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Ian Scott traces the hundred-year history of heroin, from cough medicine to underworld narcotic.

Ole J. Benedictow describes how he calculated that the Black Death killed 50 million people in the 14th century, or 60 per cent of Europe’s entire population.

Volume: 55 Issue: 3 2005

Virginia Berridge examines the relevance of past experiences to current policy-making.

Volume: 54 Issue: 5 2004

Liane Aukin looks at the private life of Florence Nightingale, and at how her strained relationship with her mother shaped her destiny.

Volume: 53 Issue: 4 2003

Gilbert Shama looks at the German research into penicillin during the Second World War.

Volume: 53 Issue: 3 2003

Elizabeth A. Fenn examines a little known catastrophe that reshaped the history of a continent.

Volume: 53 Issue: 8 2003

Andrew Mendelsohn outlines the attractions of a fast-growing an popular field of study.

Volume: 53 Issue: 2 2003

Jonathan Hughes looks at the significance, in alchemical terms, of this reign, and what the King himself made of alchemical prophecy.

Volume: 52 Issue: 8 2002

Roy Porter opens our new series on Picturing History, based on a series of lectures organised in conjunction with Reaktion Books, and shows how 18th-century images of the medical profession flow over into the work of political caricaturists.

Volume: 51 Issue: 10 2001

Elaine Murphy looks at the two families who dominated the private provision of care for the insane in London in the early 19th century.

Volume: 51 Issue: 9 2001

Paul Brassley puts MAFF's policy towards Foot and Mouth Disease into historical perspective.

Volume: 51 Issue: 11 2001

Derrick Baxby looks at the history of the smallpox vaccination, how it was opposed by many, and how the disease was finally eradicated.

Volume: 49 Issue: 3 1999

Charles Webster reflects on the achievements and shortcomings of fifty years of the National Health Service.

Volume: 48 Issue: 7 1998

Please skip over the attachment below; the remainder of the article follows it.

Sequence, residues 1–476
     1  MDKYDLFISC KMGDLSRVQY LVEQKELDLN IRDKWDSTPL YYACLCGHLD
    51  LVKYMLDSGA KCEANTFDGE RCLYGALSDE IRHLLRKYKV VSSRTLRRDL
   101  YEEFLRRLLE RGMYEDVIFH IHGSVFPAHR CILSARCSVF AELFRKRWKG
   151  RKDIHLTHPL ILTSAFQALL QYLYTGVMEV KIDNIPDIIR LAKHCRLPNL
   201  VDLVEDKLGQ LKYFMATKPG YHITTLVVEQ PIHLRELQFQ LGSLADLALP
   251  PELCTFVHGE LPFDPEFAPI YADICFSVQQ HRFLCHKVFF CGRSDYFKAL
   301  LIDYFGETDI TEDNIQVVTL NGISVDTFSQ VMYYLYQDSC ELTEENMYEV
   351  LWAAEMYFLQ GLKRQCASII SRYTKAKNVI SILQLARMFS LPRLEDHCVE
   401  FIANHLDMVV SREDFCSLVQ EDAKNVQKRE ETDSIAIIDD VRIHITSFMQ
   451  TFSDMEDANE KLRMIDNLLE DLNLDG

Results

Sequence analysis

Alex Werner previews a new exhibition on skeletons at the Museum of London.

Volume: 48 Issue: 11 1998

Ian Scott traces the hundred-year history of heroin, from cough medicine to underworld narcotic.

Volume: 48 Issue: 6 1998

Fools' gold, Dr Faustus - traditional images of a Renaissance black art. But was there more to it than that? Zbigniew Szydlo and Richard Brzezinski offer an intriguing rehabilitation.

Volume: 47 Issue: 1 1997

Peter Atkins and Paul Brassley uncover alarming 19th-century precedents for the ‘mad cow’ fiasco.

Volume: 46 Issue: 9 1996

Roy Porter charts the whirlwind of medical triumphs that promised limitless progress in human health and our more sober reflections on the eve of the third millennium.

Volume: 46 Issue: 11 1996

New innovations in radiology have sparked public criticism as to its safety and cost-effectiveness. Wilhelm Conrad Rontgen's discovery of the X-ray in 1895 and its subsequent use in medicine sparked similar safety and health hazard concerns throughout its development.

Volume: 45 Issue: 11 1995

Sarah Pepper investigates a medical pioneer whose name survives today on a bread wrapper, but whose sweeping system of wholefoods and natural prescriptions offended the medical establishment of late Victorian England.

Volume: 42 Issue: 10 1992

Penelope Johnston describes China's revered North American hero

Volume: 41 Issue: 9 1991

The British Medical Journal is 150 years old this autumn and has witnessed in its time a kaleidoscope of changing attitudes towards medicines, their ethics and efficiency. Peter Bartrip looks at its campaign against patent medicines at the turn of the century and the ambiguities of attitudes in the medical profession it reveals.

Volume: 40 Issue: 9 1990
Volume: 39 Issue: 9 1989
Peter Bowron looks into excavations found at a Middle Ages hospital in Scotland.
Volume: 38 Issue: 10 1988

J.S. Cummins considers the impact of syphilis on the 16th-century world – a tale of rapid spread, guilt, scapegoats and wonder-cures, with an uncomfortable modern resonance.

Volume: 38 Issue: 8 1988

Roy Porter looks into medicine in Georgian England where sufferers from the 'Glimmering of the Gizzard' the 'Quavering of the Kidneys' and the 'Wambling Trot' could chose their cures from a cornucopia of remedies and nostrums doled out by an army of practitioners amongst whom flourished the quacks.

Volume: 36 Issue: 11 1986

Tony Aldous on a Worcestershire town whose natural resources brought the Romans there.

Volume: 36 Issue: 3 1986

Famous Books in the History of Science: an exhibition at the British Library. The Wellcome Museum of the History of Medicine: at The Science Museum at South Kensington, on permanent display.

Volume: 32 Issue: 4 1982

Taking the waters became a Victorian passion and spa towns flourished. In this article the first prize winner in History Today's Essay Competition Pamela Steen, a student at the Open University, describes the pleasure and the pains of this fashion.

Volume: 31 Issue: 9 1981

Anne Roberts explores the incidence of plague in England from 1348 to 1679.

Volume: 30 Issue: 4 1980

The problems of later life are always with us, writes Steven R. Smith. Among those who have studied them are both a famous philosopher and a renowned physician.

Volume: 29 Issue: 3 1979

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